The Metaphor of Spiritual Growth

To help motivate people on their spiritual journey, I used to hear a pastor friend of mine say “If you’re not growing, you’re dying.”

The Metaphor of Spiritual Growth

And the point is clear enough: if we’re not integrating practices for alignment, inner renovation, health and wholeness, we revert to our defaults – anger, addiction, selfishness, whatever. Fair enough.

We have the same experience in our physical lives. No exercise means muscles atrophy, weaker immune systems, poor sleep – in my own case, massive crankiness – you get the picture.

In in a superficial sense, we want to grow all the time. That default sense of lack or insufficiency or restlessness stems in part from a deep need to grow, to expand. And unconsciously we focus on expanding our sense of self. We might call this ego expansion.

We get a new car, we get a new house, a new job, a new partner, a raise, a promotion, an award, travel to a new city, or we even just take a trip to the mall for some new shoes. We invest a sense of self in those objects or titles or labels or experiences. In a very superficial way, we grow, or expand.

We experience a short-lived sense of pleasure from that expansion. Until of course that becomes the new normal and we want more. And heaven forbid something we have invested a sense of self in is threatened or taken away. It can be as simple as a point of view we’ve adopted, an abstraction, a thought-form – I’m right and you’re wrong.

Couples especially can fall into this dynamic, fighting for the survival of the point of view they’ve invested in.

Then there is what we think of as spiritual growth – prayer, reading, reflecting, time in service or spiritual community – a good in and of itself, but one which often comes with two built in dangers.

The first is private or compartmentalized “spiritual growth” in which we learn new principles or participate more actively in a life of faith over here in private, but see no reason to allow that to change how we behave in the public sphere, with our time, with our consumption, with our money. It can become a new ego-identity we’re prepared to do battle over, not a newfound way of relating to the other with humility and compassion.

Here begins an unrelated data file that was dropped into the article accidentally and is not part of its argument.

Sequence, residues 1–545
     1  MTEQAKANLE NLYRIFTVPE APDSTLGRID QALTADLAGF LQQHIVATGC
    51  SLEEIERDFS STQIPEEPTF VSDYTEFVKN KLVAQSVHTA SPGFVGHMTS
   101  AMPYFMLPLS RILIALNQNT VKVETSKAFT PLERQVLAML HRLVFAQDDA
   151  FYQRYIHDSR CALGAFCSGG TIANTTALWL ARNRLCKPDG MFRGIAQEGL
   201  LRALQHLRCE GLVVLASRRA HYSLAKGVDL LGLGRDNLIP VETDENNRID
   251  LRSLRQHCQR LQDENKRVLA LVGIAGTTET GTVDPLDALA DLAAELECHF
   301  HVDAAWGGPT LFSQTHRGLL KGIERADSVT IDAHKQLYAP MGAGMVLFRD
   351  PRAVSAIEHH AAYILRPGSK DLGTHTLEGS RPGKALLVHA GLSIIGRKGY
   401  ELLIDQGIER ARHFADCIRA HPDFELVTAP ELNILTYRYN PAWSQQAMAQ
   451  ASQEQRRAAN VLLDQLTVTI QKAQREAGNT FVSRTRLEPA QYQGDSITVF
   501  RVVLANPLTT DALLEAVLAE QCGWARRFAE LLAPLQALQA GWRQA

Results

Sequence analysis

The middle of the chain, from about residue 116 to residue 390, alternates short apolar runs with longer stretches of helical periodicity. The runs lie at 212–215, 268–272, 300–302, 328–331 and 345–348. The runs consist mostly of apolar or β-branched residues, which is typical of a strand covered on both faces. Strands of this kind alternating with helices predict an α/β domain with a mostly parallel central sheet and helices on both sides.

Or it can be tied to organizational status and roles and become a different form of ego expansion.

So how is the contemplative path any different?

Usually there’s some kind of awakening experience that initiates someone into the contemplative path as a committed life rhythm. Maybe it’s occasioned by a profound loss, a deep humiliation, or maybe it’s after a gradual shift over time, but either way, there’s a wholesale revision of what we think of as reality, who we think we are, and how we relate to the world around us. We become reoriented.

This comes in part because we’ve had some deeper insight into how we conventionally operate in our darker parts and come to a new understanding of how these operate and how to deal with them. With no shadow left to hide, there’s no scapegoat we need to project it on to.

The metaphor for movement along the contemplative path might be more appropriately described as excavation, and of course we’re familiar with the Eastern term emptiness. It’s the hollowing out, the letting go, intentionally severing those ties, it’s the recognition of where our attachments are that keep us tethered to illusion and ego that lead to inner freedom.

And that’s where a daily practice comes in. Left to our own devices, we will continuously and unconsciously keep grabbing hold of new objects and experiences for ego expansion, whether it comes in the form of materialism or even “spirituality.”

So many contemplatives seem to embrace a life of simplicity – deeply aware the possessions they need are few, and not tied to their happiness at all.  Many also have a lightness to them, aware it’s not their morality or righteousness that helps them mature, but this very quality of emptiness, of spiritual poverty, so to speak.

The contemplative life offers a wholesale revision at the level of the inmost self. The self beyond status, role, and personality. It’s a space beyond name, beyond even breath. It’s the aspect of yourself that is untouchable and intertwined with the timeless now. That is already complete.

Now where we can grow is in awareness of that space, of that presence, of that reality.

Over time we identify less and less as the doer addicted to outcomes, as teacher Roger Castillo puts it, and find ourselves more and more being lived as we bring ourselves into alignment with the divine presence.

Going Further

Richard Rohr on Ego as the Actor

A short video on Moving From Ego to No Self by Thomas Keating

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